Enright's book beat out works by Ian McEwan and Lloyd Jones, which were favored to win.
Also on the shortlist for the $100,000 prize were Mohsin Hamid, Nicola Barker and Indra Sinha.
"The Gathering," about an Irish woman prompted by her brother's suicide to revisit three generations of her dysfunctional family's history, is the fourth novel written by the former television producer.
"'The Gathering' is an unflinching look at a grieving family in tough and striking language," Howard Davies, chair of judges, told the BBC.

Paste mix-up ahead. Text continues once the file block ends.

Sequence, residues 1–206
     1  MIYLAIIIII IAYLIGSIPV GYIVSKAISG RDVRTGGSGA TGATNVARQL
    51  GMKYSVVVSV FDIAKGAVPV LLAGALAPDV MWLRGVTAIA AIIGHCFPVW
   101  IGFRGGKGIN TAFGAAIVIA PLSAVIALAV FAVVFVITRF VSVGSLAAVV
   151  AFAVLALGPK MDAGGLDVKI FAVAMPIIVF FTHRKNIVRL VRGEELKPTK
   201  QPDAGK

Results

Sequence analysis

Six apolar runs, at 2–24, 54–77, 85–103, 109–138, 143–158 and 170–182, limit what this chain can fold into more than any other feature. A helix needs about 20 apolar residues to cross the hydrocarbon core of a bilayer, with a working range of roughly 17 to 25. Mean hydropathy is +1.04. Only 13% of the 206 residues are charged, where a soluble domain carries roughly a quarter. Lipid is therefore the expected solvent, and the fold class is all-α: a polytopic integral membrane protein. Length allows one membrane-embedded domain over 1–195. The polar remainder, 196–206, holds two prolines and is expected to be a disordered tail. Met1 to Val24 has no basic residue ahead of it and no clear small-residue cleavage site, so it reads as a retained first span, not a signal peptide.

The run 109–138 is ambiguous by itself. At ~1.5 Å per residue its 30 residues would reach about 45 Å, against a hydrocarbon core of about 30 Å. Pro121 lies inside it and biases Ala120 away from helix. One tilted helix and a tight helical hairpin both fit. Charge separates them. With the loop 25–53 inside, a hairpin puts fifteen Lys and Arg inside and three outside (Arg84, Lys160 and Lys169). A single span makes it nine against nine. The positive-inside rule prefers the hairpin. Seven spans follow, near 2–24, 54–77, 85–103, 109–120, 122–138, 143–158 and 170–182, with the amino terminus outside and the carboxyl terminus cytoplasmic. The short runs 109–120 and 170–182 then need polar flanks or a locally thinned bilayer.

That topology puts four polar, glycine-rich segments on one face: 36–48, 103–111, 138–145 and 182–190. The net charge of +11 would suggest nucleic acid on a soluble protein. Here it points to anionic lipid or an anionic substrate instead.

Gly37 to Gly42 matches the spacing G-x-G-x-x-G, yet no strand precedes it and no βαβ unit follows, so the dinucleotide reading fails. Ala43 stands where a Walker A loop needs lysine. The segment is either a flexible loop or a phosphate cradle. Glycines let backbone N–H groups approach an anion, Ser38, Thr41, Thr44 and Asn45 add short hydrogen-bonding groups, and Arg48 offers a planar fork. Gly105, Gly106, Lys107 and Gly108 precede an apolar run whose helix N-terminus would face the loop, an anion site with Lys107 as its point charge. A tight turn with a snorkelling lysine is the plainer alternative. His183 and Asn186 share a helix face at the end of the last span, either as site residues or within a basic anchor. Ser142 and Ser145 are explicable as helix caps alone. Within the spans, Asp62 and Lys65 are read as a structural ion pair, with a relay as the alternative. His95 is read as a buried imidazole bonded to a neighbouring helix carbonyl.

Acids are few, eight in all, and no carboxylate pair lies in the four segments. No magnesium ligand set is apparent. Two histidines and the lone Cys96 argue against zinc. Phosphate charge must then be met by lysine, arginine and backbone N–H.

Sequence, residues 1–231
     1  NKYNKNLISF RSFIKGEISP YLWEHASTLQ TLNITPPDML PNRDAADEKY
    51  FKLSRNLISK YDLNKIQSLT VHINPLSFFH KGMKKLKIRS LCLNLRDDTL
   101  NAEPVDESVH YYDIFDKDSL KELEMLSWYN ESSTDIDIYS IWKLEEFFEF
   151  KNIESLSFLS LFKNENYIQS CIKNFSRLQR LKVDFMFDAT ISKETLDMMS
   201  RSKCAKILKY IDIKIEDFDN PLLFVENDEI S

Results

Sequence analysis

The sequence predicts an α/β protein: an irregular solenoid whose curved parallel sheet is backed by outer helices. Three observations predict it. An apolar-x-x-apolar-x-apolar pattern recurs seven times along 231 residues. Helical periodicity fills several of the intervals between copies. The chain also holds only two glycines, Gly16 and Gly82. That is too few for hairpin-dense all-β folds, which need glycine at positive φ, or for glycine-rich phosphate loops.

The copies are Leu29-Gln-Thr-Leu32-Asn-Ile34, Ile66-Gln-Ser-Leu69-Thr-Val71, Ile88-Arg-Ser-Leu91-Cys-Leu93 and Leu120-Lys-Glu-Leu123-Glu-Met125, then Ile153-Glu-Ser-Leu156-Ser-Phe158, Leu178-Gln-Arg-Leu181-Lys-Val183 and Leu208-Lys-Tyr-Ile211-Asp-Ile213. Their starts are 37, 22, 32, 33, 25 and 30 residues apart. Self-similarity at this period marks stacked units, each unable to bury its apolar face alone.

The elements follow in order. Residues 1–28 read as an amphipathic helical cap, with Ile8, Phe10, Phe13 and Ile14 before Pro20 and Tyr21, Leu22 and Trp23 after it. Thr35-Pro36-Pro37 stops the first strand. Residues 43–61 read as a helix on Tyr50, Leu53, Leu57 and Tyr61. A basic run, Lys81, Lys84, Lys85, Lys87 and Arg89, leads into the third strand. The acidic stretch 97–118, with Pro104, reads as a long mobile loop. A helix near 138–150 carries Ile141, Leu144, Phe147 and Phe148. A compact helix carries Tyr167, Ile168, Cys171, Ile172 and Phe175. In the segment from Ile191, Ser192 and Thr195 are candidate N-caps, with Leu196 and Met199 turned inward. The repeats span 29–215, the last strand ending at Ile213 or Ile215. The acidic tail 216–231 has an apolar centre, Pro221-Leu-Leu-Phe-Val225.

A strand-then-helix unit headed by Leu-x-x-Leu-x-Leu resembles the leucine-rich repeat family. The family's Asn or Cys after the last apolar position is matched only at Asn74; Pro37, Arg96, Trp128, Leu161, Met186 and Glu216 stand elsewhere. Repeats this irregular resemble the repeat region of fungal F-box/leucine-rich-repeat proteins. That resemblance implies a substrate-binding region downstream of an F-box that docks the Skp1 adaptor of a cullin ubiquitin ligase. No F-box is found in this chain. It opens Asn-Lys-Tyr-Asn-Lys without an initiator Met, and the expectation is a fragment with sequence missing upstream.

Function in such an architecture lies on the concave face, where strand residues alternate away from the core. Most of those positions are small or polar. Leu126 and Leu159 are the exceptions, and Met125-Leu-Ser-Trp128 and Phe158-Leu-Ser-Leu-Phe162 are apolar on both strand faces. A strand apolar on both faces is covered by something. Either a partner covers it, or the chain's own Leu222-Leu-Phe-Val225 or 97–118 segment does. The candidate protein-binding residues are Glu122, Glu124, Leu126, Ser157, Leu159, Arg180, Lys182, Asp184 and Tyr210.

"We think she is an impressive novelist, we expect to hear a lot more from her. The book is powerful. ... It has one of the best last sentences of any novel I have ever read."
"I am still churning it through," Enright told BBC Radio 4. "Tomorrow, I'll wake up and go 'whoopee.' "I was ready for anything -- possibly anything except that."
Enright, 45, also said she wasn't offended by Davies' remarks that her book was "depressing" and "a little bleak" in places.
"They're entirely fair. It's not a cheerful book," she said.
Costly malfunction causes beer flood at Boston-area brewery
Megyn Kelly: Santa Claus and Jesus are both white men